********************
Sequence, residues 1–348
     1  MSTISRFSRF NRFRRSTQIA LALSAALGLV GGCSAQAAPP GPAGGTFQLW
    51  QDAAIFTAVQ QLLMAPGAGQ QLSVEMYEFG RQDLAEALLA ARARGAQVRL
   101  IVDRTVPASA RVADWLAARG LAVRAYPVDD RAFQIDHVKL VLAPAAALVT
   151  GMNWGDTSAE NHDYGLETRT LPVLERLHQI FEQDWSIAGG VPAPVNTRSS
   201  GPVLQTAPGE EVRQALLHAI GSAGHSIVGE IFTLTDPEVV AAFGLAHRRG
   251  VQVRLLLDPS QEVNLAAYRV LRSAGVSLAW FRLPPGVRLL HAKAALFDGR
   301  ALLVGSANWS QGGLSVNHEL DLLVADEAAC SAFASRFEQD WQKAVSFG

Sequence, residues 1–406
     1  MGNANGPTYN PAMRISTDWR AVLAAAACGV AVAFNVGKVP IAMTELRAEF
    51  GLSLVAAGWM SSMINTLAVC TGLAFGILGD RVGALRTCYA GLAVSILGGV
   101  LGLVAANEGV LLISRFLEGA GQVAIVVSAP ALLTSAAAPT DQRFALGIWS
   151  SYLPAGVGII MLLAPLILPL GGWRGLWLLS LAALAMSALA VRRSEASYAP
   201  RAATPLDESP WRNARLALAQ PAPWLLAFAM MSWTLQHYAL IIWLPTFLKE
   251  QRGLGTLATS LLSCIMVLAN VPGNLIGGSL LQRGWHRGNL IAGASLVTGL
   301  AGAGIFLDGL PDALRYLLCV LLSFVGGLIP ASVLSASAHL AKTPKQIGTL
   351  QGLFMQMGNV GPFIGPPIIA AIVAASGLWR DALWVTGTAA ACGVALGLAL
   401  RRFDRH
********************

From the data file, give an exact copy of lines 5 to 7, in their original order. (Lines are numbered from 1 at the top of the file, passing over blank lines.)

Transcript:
   151  GMNWGDTSAE NHDYGLETRT LPVLERLHQI FEQDWSIAGG VPAPVNTRSS
   201  GPVLQTAPGE EVRQALLHAI GSAGHSIVGE IFTLTDPEVV AAFGLAHRRG
   251  VQVRLLLDPS QEVNLAAYRV LRSAGVSLAW FRLPPGVRLL HAKAALFDGR